27. 27. 5 Minutes to Process Improvement Success www.5minutespisuccess.com are delivering better. But it is fundamentally a journey that requires work and not a mechanical process. Bill: In the past I worked with a number of LEAN manufacturers as well as more traditional types manufacturing companies, and I had a mix of LEAN manufacturing companies that made the transition, and the difference was night and day. You walk in, the place is clean and organized, it’s smaller, the people react differently; and to your point, it’s a whole different environment. Bob: Right now I have the Toyota Way Fieldbook, which I haven’t started reading, but it’s on my shelf. Bill: Yes, a lot of ideas are easily transferable from lean manufacturing into the software world, for sure. Bob: Well, let’s do a podcast when Im in D.C., and you can talk about what you’ve learned from these interviews. Bill: Thatd be great Bob. I’ve learned a lot from these interviews, and I’m fortunate to have had the opportunity to do these interviews. I’m truly in awe of the quality and value of the ideas one simple question is prompting from everyone. Thank you very much for taking time to talk with me today! Bob Payne – bob@agiletoolkit.com Bob Payne is the President of Electroglide, Inc, and a leading proponent of Agile Methodologies and Agile Engineering Practices with 25 years of project management, software development, engineering and business experience. As an early adopter of Extreme Programming (XP), he has worked exclusively as an Agile Coach and practitioner since 1999. He has mentored and managed many projects ranging in size from five to over one hundred people. As host of the AgileToolkit podcast he has produced over 60 podcasts, recording a variety of industry leaders and Agile practitioners. He has been on the organizing committee of the Agile Software Development Conference in 2007 and 2008. He is cofounder of the Washington, DC XP Users Group. Bob is passionate about training development teams in the use of Agile Engineering Practices that allow them to deliver high quality software in an Agile, iterative and incremental manner. With a MSEE in Computer Architectures for Artificial Intelligence and having grown up working in his family’s restaurant, he brings a unique blend of technical excellence and customer service to bear on his projects and training courses.Page 27 of 109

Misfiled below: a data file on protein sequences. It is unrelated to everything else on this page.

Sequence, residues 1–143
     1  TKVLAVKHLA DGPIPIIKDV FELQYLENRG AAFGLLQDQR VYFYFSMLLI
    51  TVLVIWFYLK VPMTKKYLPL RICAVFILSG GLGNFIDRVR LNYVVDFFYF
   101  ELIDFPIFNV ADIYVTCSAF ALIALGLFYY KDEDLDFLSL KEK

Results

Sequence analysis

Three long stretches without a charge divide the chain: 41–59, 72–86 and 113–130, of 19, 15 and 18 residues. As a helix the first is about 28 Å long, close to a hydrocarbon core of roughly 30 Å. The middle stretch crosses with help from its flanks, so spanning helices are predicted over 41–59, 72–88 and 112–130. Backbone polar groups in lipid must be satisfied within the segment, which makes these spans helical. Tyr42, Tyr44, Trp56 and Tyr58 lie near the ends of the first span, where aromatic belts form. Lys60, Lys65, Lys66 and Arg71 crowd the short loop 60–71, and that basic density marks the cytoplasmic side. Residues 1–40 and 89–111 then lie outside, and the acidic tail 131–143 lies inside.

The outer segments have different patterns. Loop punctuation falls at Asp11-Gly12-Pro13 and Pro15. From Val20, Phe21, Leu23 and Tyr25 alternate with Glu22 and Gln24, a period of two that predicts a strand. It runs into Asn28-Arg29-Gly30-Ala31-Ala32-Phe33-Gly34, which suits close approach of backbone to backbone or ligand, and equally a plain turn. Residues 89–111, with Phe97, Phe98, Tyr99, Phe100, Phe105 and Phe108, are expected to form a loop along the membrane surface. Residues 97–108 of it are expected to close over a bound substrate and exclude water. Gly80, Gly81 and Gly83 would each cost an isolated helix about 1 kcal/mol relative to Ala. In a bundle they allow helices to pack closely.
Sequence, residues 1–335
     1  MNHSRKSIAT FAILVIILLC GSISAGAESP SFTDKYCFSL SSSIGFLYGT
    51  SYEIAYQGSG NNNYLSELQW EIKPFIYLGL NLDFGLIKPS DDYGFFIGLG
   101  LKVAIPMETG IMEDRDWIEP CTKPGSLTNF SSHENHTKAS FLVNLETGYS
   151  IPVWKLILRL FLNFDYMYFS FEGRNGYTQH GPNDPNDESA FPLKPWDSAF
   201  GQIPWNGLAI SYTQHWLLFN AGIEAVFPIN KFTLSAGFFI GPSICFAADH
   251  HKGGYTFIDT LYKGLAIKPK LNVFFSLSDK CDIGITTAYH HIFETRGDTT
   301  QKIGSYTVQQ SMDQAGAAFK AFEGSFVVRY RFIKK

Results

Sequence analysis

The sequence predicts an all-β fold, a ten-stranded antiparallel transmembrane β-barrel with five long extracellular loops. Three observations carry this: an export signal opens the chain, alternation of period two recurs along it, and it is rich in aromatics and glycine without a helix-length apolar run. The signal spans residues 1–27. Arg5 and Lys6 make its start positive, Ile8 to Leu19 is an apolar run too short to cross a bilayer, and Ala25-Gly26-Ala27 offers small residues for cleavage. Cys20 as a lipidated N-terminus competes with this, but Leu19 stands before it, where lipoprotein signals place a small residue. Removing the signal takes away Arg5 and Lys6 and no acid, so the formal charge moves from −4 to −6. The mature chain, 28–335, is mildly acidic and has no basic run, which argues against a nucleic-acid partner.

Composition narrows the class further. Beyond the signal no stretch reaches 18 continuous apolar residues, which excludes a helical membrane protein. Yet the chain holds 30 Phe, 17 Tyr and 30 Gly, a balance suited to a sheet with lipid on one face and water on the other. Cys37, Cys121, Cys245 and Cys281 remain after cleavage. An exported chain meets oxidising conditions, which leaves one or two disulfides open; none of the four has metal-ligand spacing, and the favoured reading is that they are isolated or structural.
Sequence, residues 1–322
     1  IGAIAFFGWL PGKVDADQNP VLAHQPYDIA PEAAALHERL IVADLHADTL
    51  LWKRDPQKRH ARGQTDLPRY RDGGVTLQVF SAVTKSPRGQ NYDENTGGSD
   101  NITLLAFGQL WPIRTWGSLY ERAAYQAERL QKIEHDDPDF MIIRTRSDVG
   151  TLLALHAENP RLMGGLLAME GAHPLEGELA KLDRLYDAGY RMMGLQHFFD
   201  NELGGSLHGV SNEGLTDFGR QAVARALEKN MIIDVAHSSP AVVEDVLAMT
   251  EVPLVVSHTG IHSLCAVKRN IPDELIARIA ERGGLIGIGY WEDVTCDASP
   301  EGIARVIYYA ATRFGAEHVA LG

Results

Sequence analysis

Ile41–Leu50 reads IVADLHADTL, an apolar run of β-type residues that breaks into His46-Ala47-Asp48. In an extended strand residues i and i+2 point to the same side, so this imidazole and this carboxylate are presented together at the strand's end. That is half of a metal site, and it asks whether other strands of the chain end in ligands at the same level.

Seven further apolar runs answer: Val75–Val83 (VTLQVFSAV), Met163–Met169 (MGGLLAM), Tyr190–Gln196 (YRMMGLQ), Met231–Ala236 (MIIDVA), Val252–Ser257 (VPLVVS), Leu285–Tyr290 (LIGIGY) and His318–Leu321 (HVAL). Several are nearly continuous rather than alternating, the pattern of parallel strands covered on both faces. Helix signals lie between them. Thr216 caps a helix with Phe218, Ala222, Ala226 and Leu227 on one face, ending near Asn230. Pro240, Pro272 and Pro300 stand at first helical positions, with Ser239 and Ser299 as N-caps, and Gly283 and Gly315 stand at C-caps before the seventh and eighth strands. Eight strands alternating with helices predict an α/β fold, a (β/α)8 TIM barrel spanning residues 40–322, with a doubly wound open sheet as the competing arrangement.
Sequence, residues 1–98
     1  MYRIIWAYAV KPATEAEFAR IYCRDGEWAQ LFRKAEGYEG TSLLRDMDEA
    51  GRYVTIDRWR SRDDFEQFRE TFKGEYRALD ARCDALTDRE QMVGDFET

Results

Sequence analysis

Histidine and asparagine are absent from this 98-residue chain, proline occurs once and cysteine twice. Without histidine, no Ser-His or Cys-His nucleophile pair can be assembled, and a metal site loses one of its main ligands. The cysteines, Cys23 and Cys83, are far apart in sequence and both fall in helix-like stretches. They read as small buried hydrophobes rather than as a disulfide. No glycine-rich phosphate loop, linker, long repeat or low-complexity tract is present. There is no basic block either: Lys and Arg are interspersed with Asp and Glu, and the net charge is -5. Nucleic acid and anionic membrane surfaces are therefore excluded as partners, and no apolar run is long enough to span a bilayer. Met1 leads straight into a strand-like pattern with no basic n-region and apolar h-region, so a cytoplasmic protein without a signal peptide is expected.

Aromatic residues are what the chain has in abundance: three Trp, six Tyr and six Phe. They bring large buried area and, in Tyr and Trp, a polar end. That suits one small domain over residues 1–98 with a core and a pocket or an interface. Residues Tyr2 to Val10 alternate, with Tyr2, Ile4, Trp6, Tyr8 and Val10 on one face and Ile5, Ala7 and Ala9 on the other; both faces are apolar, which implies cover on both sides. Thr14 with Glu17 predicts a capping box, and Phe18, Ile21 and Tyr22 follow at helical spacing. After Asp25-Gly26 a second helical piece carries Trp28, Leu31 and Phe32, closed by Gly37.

28. 28. 5 Minutes to Process Improvement Success www.5minutespisuccess.com Mike Bonamassa A Rational Perspective on the History and Current State of Process Improvement Bill: This morning I’m meeting with Mike Bonamassa. Mike is VP of Strategic Services at MKS and formerly COO of Number Six Software. It’s kind of funny Mike, but it just occurred to me that I was meeting you for breakfast almost exactly seven years ago to the day when you were recruiting me to join Number Six Software! Joining up with you and Number Six Software was one of the best career moves I ever made and I am fortunate to have had that experience to work alongside so many talented software engineering professionals. Mike, before I turned on the recorder, we had already started to address the main question we ask everyone: what is your best process improvement strategy or tactic that has worked really well for you or your clients. You began by talking about Karen Base’s interview, your experience at Rational, and your reaction to what Karen said about having the people on your side. Mike: It was interesting to me because when I was at Rational, Rational was (I believe) the very first software engineering company, where it was around doing things the right way. You have to consider what the world was like before Rational. You had every different government contractor creating their own language to implement the systems for the government, partially because they thought they needed to because they had great and smart people there, and partially because they realized, “If I create the language and I own the language, Im going to be doing this for the government forever.” There’s a benefit to it. So Rational was one of the first companies to actually say, “We’re going to enable good software engineering.” So we created this environment to go do it. Originally it was a purpose built computer, and then it went into different kinds of software. But we had this belief that if you give people technology that supports doing the right thing, people would just automatically change into the right thing. And the reality is that the only reason Rational succeeded and grew was the technology enabled the change, but the change came from the services and the support that we provided. Rational got a reputation, if you had a program that was failing, you’d buy Rational. It cost you a lot of money, but you bought Rational. The reason was it would turn you around, and it turned you around because we had that technology enabled through the support of these tech reps, and they would come in, and they just knew how to do software engineering, and they knew how to do innately what Karen said, that consultants skill, explaining to people how you can change your behavior and use this tool to enable that change, so that there’s less risk.Page 28 of 109